WASHINGTON — General Dynamics head Phebe Novakovic this week said she was “alarmed” by members of Silicon Valley who refuse to work with the Pentagon, in perhaps the most pointed comments from a defense company CEO toward colleagues in the tech community.
Asked at a Tuesday event hosted by the Boston College Chief Executives Club, Novakovic was asked whether she felt big Silicon Valley tech companies should do more to help or work with the defense industry. Her response was unequivocal.
“Yes. And I’m frankly alarmed when I see some companies to whom much is given not willing to work with the U.S. government,” said Novakovic, who worked at the CIA and Pentagon before moving to GD.
“Who do they think provides them this freedom? Who do they think the platform for their technology innovation comes from? It comes from security and stability of this nation. So I find, as an American, that’s troubling.”
That sentiment has not been unusual around the Pentagon in the wake of last year’s decision by Google to pull out of its Project Maven contract with the department, following an open letter by members of the company who felt the tech giant should not be involved in defense programs.
The issue was brought to the forefront once again in March, when Chairman of the Joint Chiefs of Staff Gen. Joseph Dunford directly challenged Google on its willingness to work with China but not the Pentagon. Like Novakovic, he argued that Silicon Valley has only reached its level of success because “our system of government in enabling of individual ideas to bubble up and advance the world, whether it’s medically, education, artificial intelligence, you name it.”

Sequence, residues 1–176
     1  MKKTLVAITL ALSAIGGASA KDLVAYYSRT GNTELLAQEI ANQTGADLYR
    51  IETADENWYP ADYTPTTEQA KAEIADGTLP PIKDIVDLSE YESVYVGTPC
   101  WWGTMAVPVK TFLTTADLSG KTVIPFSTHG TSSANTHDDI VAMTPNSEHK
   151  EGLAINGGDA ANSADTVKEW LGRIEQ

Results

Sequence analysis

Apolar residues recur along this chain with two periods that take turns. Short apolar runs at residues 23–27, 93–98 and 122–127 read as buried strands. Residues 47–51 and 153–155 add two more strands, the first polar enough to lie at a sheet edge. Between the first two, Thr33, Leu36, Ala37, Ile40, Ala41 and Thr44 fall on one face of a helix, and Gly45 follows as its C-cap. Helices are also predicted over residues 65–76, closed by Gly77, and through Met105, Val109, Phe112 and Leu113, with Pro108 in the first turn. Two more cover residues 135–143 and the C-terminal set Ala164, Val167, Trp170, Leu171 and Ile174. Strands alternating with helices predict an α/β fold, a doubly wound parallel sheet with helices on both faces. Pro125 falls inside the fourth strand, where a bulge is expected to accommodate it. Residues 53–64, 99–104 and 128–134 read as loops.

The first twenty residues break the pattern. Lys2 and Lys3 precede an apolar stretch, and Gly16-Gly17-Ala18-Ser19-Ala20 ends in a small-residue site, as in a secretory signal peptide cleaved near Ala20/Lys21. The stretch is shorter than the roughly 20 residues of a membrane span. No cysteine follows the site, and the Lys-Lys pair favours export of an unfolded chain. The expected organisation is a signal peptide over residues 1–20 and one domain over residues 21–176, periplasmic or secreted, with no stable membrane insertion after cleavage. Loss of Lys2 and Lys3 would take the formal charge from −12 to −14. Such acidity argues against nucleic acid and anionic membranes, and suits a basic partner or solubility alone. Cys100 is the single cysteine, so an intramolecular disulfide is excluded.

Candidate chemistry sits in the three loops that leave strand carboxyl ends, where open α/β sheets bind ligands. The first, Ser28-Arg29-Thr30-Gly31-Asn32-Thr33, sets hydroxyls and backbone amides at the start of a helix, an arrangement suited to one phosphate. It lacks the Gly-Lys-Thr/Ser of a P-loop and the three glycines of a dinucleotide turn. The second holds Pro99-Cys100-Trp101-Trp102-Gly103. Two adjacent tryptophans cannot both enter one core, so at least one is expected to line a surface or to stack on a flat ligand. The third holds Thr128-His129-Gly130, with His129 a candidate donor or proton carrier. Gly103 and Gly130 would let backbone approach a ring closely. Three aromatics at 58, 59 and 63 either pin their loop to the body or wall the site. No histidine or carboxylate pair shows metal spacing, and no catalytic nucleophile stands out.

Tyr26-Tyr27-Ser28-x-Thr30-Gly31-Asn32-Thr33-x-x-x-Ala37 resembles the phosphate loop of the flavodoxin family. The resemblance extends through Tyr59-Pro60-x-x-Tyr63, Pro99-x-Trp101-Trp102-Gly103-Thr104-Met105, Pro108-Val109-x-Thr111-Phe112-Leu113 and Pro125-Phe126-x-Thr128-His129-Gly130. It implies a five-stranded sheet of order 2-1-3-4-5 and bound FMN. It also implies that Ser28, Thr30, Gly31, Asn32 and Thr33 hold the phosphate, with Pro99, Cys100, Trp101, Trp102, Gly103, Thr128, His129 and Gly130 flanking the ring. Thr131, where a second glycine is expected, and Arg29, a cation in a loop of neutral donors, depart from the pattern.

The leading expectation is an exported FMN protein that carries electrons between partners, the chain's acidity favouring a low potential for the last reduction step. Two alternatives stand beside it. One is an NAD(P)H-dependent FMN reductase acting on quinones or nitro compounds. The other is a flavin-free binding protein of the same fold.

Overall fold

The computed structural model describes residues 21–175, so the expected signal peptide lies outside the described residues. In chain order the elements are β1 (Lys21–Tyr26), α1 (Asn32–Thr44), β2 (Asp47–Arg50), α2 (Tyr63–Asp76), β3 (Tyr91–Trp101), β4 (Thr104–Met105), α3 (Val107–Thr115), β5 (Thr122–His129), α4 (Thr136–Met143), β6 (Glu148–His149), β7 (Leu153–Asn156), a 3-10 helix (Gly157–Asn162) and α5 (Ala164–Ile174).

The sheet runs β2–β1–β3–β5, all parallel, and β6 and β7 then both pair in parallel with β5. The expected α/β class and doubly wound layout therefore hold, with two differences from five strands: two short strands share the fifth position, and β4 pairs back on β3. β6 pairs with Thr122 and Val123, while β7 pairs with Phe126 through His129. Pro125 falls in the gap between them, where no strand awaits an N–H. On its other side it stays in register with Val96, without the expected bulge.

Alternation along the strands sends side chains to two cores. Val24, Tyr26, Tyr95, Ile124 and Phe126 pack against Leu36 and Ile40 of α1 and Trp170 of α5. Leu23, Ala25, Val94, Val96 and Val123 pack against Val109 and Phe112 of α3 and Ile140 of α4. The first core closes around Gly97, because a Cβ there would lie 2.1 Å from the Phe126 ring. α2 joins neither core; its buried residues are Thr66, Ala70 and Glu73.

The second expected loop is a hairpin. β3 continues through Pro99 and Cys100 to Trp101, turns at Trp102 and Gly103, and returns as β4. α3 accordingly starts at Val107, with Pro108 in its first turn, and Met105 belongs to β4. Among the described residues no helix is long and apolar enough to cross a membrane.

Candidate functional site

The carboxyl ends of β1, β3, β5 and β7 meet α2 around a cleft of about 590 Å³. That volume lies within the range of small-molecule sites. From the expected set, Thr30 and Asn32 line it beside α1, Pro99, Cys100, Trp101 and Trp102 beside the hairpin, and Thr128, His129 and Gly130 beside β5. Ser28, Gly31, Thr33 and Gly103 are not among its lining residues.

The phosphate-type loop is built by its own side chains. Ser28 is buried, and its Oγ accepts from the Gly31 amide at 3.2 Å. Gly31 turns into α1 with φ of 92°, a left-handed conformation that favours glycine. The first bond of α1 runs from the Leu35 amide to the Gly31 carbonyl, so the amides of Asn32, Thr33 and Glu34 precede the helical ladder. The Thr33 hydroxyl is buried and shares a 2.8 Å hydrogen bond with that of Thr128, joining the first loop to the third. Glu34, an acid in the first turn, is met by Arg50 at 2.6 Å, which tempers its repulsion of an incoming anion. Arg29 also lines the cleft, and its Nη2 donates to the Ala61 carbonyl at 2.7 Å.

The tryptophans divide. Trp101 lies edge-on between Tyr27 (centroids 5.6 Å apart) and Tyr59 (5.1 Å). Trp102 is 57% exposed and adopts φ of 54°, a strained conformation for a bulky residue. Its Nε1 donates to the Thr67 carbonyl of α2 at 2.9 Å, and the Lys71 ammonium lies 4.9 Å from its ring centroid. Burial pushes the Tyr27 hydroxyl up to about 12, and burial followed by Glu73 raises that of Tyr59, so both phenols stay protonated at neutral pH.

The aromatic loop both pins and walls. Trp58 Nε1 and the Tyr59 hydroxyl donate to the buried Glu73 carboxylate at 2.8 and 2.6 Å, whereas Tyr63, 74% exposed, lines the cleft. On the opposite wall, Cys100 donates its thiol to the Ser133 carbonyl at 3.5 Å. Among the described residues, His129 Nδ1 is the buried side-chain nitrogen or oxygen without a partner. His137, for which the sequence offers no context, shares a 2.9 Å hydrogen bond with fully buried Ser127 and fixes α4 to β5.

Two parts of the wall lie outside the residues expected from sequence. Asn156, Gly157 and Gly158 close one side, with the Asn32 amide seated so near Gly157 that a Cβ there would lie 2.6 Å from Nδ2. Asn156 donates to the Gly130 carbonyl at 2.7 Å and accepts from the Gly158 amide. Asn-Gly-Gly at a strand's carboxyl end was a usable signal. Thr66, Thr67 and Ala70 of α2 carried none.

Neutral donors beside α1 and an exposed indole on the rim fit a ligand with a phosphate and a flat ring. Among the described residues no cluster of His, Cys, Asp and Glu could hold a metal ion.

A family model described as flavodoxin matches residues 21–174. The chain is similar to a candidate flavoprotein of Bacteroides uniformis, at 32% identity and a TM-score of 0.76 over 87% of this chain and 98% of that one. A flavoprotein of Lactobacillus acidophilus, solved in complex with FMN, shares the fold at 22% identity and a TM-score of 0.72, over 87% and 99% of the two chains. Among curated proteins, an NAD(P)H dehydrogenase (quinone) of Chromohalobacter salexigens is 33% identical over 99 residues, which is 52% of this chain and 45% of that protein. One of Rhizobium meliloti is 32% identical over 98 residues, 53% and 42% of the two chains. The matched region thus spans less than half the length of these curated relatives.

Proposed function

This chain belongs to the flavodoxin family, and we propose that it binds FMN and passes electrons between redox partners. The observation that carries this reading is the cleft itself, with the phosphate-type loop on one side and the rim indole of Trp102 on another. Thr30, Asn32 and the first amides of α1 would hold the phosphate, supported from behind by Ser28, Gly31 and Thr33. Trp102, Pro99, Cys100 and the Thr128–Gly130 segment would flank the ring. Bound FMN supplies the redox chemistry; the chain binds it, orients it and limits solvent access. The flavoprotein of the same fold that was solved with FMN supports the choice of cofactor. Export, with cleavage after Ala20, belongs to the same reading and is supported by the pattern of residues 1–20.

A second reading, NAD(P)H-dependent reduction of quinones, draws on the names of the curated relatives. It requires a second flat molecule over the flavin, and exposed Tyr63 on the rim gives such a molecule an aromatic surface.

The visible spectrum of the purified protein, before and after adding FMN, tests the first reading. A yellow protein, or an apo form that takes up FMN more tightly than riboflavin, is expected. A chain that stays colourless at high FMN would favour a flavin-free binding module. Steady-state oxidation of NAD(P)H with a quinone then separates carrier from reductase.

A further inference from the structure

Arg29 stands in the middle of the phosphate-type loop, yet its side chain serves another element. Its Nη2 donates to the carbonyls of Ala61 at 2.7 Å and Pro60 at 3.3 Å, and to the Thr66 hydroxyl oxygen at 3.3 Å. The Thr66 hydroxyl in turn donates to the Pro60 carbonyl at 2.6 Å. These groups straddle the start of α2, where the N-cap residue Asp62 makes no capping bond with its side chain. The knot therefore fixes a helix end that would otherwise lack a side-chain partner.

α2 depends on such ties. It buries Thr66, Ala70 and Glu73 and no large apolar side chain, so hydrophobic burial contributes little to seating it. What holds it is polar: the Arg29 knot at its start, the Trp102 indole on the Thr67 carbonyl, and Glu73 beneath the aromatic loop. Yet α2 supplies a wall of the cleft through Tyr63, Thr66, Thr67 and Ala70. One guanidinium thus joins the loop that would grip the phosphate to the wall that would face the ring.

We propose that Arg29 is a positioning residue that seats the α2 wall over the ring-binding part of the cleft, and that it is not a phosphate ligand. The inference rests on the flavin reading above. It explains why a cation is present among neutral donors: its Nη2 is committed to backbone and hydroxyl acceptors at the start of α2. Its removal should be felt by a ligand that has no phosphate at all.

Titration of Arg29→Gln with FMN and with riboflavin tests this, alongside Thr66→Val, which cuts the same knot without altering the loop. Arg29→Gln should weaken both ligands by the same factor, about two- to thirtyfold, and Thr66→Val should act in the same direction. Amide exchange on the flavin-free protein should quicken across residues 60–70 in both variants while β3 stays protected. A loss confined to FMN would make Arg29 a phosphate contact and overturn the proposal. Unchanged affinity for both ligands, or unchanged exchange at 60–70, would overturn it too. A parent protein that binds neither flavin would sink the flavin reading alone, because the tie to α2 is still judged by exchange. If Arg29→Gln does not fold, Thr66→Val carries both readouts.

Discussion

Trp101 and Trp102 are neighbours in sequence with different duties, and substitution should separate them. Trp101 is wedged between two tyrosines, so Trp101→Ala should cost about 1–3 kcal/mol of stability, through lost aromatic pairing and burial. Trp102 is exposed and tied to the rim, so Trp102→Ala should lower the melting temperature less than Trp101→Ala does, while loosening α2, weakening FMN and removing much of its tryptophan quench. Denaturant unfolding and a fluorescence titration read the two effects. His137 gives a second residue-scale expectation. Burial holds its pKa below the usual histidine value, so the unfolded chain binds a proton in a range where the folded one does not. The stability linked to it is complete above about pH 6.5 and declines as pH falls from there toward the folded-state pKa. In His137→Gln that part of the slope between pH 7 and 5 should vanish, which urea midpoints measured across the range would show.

But leaders from the largest defense firms have largely stayed above the fray, likely in part to the fact many of them do business with other technology firms in one way or another. Novakovic acknowledged that reality, saying “there are real opportunities for cooperation, and many of those companies do cooperate." She also noted that GD has an office in the Silicon Valley area.
“I think it’s our job as I was talking about earlier to canvass throughout the United States and take that rich body of research that we produce as a nation every year and figure out how do we make that work to enhance our national security,” she said.
Novakovic was similarly direct earlier in the event, when asked to identify the top threats to the nation. While acknowledging near-peer competitors as a challenge, she saved her most pointed comments for an internal challenge.
“I worry, as an American, I worry profoundly about our divisiveness as a nation. Democracy requires shared values, and I don’t see that we have — we’re not having a national narrative about our shared values. There’s too much anger and hatred,” she said. “I worry a lot about the corrosive and cancerous effects of all that anger and hatred, sometimes flat out hatred. And that, I think, is scary.
“You can destroy yourself much faster than an enemy can. Typically great empires fall from the inside out. I worry an awful lot about that at the same time as I worry about some other serious threats. That’s something we need to have a national dialogue about.”